Financial Statement Fraud and How to Spot It

Posted by Joseph Himy

Fraud is something that happens all too often in the business world, especially fraudulent financial statements. In fact, fraudulent financial statements account for approximately 10% of white-collar crime incidents. While there are other white-collar crimes that happen more frequently, the financial impact they make is usually less severe than financial statement fraud.

Enron is one of the most well-known examples of a company that committed accounting fraud, which included financial statement fraud among many other transgressions. It used various methods to improve the appearance of its financial statements, including off-the-books accounting practices and special purpose vehicles (SPVs) to hide its debt and liabilities.

Surprisingly, the company was able to hide its losses for about a year, but in 2001 the jig was up. Wall Street journalists uncovered Enron’s shady accounting practices and the company declared bankruptcy by the end of the year. Enron was a scandal that rocked the world, and even non-Wall Street types felt the crash.

Types of Financial Statement Fraud

Enron was a huge company that committed fraud, but unfortunately, fraud happens at all levels. SMBs and large corporations alike can turn to fraudulent financial statements to help get them out of an uncomfortable bind.

There are five main types of financial statement fraud:

  • Including fake sales or recording future expected sales as having happened
  • Not recognizing, or understating, expenses
  • Incorrect valuation of assets, which includes inflating the net worth of assets
  • Hiding liabilities in the balance sheet
  • Including unsuitable disclosures like related-party transactions and structured finance deals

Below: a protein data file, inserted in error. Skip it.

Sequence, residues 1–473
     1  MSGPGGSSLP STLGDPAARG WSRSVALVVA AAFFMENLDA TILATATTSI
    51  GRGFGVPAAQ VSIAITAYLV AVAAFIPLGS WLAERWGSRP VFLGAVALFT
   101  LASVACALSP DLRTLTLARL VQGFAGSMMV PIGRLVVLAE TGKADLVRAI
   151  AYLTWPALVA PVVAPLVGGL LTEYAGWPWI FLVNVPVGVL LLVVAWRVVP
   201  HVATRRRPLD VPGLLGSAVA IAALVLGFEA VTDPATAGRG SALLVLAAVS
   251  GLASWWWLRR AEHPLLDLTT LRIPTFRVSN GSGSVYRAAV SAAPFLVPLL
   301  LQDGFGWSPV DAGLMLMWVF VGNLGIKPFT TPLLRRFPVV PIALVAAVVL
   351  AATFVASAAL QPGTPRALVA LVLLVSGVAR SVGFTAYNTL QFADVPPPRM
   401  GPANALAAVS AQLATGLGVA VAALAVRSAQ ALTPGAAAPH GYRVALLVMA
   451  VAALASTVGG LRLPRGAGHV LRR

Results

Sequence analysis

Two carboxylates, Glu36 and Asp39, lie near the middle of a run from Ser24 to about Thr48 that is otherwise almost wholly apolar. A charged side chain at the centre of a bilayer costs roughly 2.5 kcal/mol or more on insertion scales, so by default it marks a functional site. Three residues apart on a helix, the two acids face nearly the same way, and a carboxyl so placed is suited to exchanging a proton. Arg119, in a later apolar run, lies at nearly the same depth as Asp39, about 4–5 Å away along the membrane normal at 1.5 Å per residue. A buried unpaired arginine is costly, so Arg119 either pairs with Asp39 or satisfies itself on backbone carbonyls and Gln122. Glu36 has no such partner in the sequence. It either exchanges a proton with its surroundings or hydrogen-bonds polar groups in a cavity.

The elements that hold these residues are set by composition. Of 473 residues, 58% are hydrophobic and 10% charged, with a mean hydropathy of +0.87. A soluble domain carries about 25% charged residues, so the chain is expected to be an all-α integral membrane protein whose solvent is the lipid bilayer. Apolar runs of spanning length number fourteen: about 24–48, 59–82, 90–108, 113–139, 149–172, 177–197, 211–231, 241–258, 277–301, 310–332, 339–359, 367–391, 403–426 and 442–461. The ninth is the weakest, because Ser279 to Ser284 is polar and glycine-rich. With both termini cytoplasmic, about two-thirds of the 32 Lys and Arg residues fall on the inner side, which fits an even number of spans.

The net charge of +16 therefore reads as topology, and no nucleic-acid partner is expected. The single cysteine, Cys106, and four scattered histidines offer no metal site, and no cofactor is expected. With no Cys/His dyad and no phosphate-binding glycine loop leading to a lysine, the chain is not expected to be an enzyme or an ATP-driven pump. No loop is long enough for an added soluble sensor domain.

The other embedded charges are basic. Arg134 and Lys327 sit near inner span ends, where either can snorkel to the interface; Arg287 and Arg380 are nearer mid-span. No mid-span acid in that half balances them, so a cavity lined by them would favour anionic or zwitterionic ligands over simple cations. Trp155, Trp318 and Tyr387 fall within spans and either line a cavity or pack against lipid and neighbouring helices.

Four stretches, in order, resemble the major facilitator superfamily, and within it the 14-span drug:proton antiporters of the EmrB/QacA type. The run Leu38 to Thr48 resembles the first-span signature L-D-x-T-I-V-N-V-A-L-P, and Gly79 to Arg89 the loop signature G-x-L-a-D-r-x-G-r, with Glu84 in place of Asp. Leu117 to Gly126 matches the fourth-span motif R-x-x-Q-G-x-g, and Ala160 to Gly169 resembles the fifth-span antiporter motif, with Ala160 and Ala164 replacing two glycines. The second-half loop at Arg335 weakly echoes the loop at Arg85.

Detecting Signs of Fraud

If you’re concerned that fraud may be taking place in your company, here are 5 signs to look out for:

  1. Year-end surge. When a company shows a significant surge in the last quarter of the fiscal year, take a closer look. Sometimes companies feel pressured to meet expectations and resort to fudging the numbers.
  2. Auditor replacement. Sometimes auditors need to be replaced, which is normal and doesn’t signify anything underhanded. However, if an accounting period is missed because of auditor replacement, it can provide a window for those who want to play with the company’s reports to do so. Keep an eye out.
  3. Accounting anomalies. If revenue grows without corresponding cash flow growth, something may be fishy. Usually, sales and cash flow operate as a unit.
  4. Growth while competitors struggle. If competitors in the industry are all struggling and your company is reporting consistent growth, this could be a sign that something is off. Unless your company is unquestionably superior to all its competitors, there needs to be a reason why it’s succeeding when others are not.
  5. Third-party transactions. Companies that sometimes seek to commit fraud often add many related-party and third-party transactions to their reporting in order to conceal debt from the balance sheet. If you spot a rise in these types of transactions, it may be cause to dig deeper.

The Next Steps

If the worst-case scenario plays out and you discover fraud within your company, there are a few basic things you can do.

  • Gather evidence. Whether you take screenshots or photocopy documents, make sure that you save the evidence. If the people committing fraud discover that someone is on their trail, they will try to cover their footprints.
  • Keep it confidential. Don’t start telling colleagues and friends what you suspect. While you may have discovered fraud, you may not know whether one person is behind it or more. You also may not know the extent of it or how serious it is. Instead of sounding a loud alarm, quietly seek out the person responsible for handling fraud in your company. In many cases, there is a designated fraud incident manager. Tell them, but no one else, since evidence may start disappearing if word gets out.
  • Handle the situation. If you are the designated fraud manager, it’s up to you to delicately dig and see what exactly is going on. You’ll need to consider a civil and criminal response. In some cases, the guilty party can be fired, and you can clean up the mess relatively easily; in other cases, the perpetrator may need to be reported to the appropriate authorities and your company may end up paying a hefty price.

There is never a pleasant way to handle fraud, but there is an efficient way and an inefficient way. If you suspect fraud in your company, it’s important to know how to spot it and then deal with it. The future of your company is at stake.

 

 

Leave a Reply